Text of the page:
All day long Weird Mary liked to chew and chew on that twig. Christie figured that’s why everyone called her Weird Mary. Christie didn’t know why Mary was weird–her parents were normal and so was her sister–but Christie wondered if watching Weird Mary from the shadows like she did every day made her weird too. But even if it made her weird, she couldn’t stop. Something about the twig, the endless gnawing and gnashing, fascinated her. When Weird Mary wasn’t chewing on the twig, it stuck out the back of her pants at an angle, a slick-wet stick that reminded Christie of a flagpole, only there was no flag.
Christie always watched Weird Mary from behind the old oak in front of the school because nobody talked to her or played with her, not even the teachers who usually took pity and played with kids like her. Even though she dreamed about it in secret Christie couldn’t work up the courage to go talk to Weird Mary herself, not really, so she kept her distance and watched. Weird Mary always sat alone in the middle of the playground on the swing set, the swing set that all the fifth-graders liked to use last year but didn’t use anymore. Even though she was in the middle of everything all the kids left Weird Mary alone. Christie could draw a circle as big as the school bus around the swing set that Weird Mary sat on while she chewed and chewed.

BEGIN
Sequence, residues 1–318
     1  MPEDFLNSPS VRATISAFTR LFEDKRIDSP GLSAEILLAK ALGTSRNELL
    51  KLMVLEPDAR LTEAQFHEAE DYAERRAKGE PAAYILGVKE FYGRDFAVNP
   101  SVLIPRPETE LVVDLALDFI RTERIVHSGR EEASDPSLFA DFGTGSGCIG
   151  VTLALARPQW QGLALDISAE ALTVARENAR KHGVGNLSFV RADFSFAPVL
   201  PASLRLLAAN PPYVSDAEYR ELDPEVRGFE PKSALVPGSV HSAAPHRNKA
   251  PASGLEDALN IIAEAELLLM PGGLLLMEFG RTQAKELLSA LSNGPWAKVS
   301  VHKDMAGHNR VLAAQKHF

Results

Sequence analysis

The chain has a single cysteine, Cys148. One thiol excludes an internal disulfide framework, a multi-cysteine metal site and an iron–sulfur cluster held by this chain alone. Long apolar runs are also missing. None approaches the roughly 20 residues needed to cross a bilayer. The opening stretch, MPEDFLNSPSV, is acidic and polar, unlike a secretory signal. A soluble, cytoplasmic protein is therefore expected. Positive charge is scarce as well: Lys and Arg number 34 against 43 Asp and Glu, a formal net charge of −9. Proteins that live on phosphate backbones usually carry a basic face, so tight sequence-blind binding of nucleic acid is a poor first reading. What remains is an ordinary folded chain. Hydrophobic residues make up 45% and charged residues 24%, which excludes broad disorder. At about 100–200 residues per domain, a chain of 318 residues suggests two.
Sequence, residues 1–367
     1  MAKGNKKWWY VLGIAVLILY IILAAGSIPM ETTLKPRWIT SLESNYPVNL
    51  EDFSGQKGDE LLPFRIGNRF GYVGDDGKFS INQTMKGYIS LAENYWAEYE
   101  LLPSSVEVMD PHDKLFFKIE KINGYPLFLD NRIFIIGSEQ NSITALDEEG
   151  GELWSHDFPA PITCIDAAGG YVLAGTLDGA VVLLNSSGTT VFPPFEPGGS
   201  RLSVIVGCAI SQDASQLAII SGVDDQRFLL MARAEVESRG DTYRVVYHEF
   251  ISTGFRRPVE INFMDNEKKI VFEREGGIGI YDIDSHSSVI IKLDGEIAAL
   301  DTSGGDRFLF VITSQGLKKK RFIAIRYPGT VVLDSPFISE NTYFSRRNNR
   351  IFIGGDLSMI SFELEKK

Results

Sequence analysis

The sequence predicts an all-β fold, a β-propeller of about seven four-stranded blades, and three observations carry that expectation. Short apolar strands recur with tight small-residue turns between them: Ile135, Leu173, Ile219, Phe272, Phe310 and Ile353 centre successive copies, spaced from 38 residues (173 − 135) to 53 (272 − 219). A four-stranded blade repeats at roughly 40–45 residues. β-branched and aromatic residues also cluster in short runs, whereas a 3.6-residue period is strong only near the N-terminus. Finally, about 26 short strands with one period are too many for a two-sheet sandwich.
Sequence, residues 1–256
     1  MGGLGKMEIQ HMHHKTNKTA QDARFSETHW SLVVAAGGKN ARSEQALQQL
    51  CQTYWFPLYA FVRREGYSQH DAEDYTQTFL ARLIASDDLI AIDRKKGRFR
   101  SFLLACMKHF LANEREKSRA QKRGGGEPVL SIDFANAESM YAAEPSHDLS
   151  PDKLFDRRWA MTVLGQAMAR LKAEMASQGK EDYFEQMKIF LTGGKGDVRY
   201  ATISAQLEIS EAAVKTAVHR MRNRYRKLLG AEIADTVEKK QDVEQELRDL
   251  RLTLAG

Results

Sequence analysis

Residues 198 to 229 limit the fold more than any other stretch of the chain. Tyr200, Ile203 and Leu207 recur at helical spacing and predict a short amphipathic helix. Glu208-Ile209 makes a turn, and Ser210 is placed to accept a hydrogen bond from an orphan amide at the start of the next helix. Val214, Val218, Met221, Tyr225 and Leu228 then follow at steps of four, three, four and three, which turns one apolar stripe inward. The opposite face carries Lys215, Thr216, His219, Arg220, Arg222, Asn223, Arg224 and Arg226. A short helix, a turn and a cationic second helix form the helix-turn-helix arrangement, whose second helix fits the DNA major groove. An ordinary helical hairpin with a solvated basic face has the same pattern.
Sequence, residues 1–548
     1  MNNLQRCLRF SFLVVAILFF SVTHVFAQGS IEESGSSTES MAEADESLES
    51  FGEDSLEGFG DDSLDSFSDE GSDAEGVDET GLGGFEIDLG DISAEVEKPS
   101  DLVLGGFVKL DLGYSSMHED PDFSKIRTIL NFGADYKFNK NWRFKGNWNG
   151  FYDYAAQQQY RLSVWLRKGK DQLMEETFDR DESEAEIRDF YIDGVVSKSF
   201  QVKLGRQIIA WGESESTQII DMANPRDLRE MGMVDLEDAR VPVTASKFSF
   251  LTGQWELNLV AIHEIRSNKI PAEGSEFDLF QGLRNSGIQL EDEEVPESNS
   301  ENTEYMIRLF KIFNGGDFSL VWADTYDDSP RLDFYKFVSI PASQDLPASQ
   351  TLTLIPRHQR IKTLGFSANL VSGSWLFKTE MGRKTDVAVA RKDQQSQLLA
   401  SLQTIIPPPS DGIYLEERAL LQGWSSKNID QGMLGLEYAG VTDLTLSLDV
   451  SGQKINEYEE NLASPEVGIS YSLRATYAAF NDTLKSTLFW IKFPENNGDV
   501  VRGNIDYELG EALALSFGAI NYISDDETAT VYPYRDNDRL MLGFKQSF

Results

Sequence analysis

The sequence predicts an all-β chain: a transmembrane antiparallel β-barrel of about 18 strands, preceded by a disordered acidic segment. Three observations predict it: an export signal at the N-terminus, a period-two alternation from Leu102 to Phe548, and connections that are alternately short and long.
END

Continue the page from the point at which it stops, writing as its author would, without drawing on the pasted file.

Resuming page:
But one day it all changed. Christie was the first kid at school that day so she was the first to see her. Weird Mary was dangling from the old oak tree, a rope tied around her neck. Christie looked up at the blue-faced girl as she swung and swung. Soon teachers and kids and parents gathered around in a great big circle and, for the first time ever, everyone was talking about Weird Mary. The whole thing made Christie feel funny inside, so she broke off a twig–a small one–and hid it in her pocket to chew later.